S. cerevisiae SUMO E1 (SAE1/UBA2) (DAG2656)

S. cerevisiae SUMO E1 (SAE1/UBA2), recombinant protein from E. coli Datasheet

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Product Overview
S. cerevisiae SUMO E1 (SAE1/UBA2)
Nature
Recombinant
Tag/Conjugate
Unconjugated
Purity
> 90% by SDS-PAGE
Buffer
in 50 mM HEPES pH 8.0, 150 mM NaCl
Storage
2-8°C short term, -20°C long term
Introduction
Small Ubiquitin-like Modifier (or SUMO) proteins are a family of small proteins that are covalently attached to and detached from other proteins in cells to modify their function. SUMOylation is a post-translational modification involved in various cellular processes, such as nuclear-cytosolic transport, transcriptional regulation, apoptosis, protein stability, response to stress, and progression through the cell cycle. SUMO proteins are similar to ubiquitin, and SUMOylation is directed by an enzymatic cascade analogous to that involved in ubiquitination. In contrast to ubiquitin, SUMO is not used to tag proteins for degradation. Mature SUMO is produced when the last four amino acids of the C-terminus have been cleaved off to allow formation of an isopeptide bond between the C-terminal glycine residue of SUMO and an acceptor lysine on the target protein. Saccharomyces cerevisiae is a species of yeast. It is perhaps the most useful yeast, having been instrumental to winemaking, baking and brewing since ancient times. It is believed that it was originally isolated from the skin of grapes (one can see the yeast as a component of the thin white film on the skins of some dark-colored fruits such as plums; it exists among the waxes of the cuticle). It is one of the most intensively studied eukaryotic model organisms in molecular and cell biology, much like Escherichia coli as the model bacterium. It is the microorganism behind the most common type of fermentation. S. cerevisiae cells are round to ovoid, 5–10 micrometres in diameter. It reproduces by a division process known as budding.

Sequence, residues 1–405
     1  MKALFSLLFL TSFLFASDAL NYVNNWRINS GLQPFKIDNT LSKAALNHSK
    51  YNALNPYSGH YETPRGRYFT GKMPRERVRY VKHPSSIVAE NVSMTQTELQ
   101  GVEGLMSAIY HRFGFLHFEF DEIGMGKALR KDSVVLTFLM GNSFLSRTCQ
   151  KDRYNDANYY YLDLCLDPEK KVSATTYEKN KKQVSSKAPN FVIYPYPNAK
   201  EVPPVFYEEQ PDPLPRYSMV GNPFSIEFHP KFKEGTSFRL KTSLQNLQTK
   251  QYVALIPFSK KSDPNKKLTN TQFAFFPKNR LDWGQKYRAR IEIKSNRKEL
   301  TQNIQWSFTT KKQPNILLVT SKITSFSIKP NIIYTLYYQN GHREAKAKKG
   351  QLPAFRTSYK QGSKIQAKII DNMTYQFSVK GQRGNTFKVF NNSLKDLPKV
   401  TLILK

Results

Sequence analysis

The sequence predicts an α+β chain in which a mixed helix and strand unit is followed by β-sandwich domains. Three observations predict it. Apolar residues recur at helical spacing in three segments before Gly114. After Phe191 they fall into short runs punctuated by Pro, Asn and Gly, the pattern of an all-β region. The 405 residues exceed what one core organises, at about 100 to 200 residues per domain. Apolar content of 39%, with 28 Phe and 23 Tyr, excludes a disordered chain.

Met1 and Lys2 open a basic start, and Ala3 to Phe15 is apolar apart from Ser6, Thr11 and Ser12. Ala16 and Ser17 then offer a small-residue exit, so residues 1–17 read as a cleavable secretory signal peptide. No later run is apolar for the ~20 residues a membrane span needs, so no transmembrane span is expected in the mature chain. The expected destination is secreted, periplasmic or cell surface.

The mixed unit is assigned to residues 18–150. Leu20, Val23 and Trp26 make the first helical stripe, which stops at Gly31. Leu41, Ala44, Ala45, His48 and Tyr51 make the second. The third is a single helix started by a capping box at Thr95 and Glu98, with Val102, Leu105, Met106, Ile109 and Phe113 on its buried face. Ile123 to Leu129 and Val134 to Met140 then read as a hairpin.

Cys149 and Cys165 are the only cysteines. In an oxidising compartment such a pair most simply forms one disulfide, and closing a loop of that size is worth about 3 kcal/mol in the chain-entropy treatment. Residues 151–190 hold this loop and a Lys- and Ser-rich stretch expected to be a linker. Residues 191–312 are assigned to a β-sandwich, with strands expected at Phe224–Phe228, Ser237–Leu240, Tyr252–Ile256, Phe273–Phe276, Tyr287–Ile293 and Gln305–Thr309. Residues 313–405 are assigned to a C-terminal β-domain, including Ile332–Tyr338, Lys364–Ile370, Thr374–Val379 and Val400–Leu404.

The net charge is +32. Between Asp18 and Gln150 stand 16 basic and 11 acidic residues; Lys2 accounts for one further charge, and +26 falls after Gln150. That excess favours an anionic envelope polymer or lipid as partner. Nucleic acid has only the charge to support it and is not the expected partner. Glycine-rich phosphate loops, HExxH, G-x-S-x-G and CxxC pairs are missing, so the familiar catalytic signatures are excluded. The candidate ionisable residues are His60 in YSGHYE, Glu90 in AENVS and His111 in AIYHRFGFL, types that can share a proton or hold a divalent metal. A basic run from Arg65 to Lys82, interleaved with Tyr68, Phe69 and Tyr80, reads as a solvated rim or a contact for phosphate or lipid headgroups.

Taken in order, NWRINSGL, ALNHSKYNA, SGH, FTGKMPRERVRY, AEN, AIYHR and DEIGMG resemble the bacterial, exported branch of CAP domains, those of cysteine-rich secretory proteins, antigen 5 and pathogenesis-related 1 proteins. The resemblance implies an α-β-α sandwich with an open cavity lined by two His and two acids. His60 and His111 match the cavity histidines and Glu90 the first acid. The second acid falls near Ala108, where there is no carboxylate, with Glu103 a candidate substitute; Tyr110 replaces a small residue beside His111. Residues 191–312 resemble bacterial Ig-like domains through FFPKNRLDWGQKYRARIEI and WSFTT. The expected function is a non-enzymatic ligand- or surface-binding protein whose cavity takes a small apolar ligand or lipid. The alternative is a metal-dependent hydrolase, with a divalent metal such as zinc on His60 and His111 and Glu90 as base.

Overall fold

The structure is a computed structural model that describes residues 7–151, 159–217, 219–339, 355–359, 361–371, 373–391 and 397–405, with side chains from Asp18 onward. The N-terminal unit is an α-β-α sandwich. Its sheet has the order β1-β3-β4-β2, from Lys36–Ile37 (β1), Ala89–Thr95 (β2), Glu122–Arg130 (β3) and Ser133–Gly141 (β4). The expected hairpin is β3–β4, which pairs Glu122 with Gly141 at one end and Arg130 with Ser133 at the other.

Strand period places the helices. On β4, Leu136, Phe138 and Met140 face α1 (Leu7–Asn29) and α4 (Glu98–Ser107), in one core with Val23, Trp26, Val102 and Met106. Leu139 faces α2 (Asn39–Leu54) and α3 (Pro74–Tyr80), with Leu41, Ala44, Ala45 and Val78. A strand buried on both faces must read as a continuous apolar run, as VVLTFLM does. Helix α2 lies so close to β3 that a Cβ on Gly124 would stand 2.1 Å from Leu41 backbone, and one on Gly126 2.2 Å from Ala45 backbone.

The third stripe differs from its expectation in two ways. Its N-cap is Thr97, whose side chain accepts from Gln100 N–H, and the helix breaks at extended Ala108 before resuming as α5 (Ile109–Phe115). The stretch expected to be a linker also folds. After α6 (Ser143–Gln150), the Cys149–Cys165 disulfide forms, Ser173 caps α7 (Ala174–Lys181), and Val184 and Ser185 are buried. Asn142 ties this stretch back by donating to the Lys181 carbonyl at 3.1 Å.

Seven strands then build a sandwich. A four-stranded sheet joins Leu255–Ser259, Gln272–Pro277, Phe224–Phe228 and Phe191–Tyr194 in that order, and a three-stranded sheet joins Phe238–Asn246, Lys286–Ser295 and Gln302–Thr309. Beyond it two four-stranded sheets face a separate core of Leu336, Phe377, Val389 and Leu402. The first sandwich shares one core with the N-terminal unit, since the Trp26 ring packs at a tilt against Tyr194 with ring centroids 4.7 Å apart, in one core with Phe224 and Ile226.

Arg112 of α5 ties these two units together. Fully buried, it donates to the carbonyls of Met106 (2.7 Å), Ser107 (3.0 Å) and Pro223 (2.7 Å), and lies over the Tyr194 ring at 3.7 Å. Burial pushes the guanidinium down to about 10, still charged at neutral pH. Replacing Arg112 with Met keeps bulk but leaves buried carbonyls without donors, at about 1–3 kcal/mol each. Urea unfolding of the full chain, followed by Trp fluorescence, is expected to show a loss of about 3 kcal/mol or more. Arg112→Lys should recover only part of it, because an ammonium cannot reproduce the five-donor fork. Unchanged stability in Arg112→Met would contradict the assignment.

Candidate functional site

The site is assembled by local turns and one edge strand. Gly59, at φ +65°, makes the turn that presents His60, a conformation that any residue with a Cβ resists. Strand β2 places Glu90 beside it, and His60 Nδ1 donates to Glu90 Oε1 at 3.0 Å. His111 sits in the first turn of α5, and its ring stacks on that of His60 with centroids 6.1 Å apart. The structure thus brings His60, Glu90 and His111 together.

Antigen Description
Conjugation of the ubiquitin-like modifier SUMO (Sentrin) requires the activities of the heterodimeric E1 (Aos1/Uba2) and the UbcH9 E2 enzyme. The dimeric activating enzyme utilizes ATP to adenylate the C-terminal glycine residue of SUMO-1 (also SUMO-2 and SUMO-3), forming a high-energy thiolester bond with the cysteine residue of Uba2 and the release of AMP and PPi. The second step is the trans-esterification reaction whereby SUMO-1 is transferred to Cys93 of UbcH9.
Keywords
S. cerevisiae SUMO protein; SUMO protein; Small Ubiquitin-like Modifier; SUMO; Saccharomyces cerevisiae; S. cerevisiae; Saccharomyces; Saccharomycetaceae; Saccharomyces cerevisiae Small Ubiquitin-like Modifier

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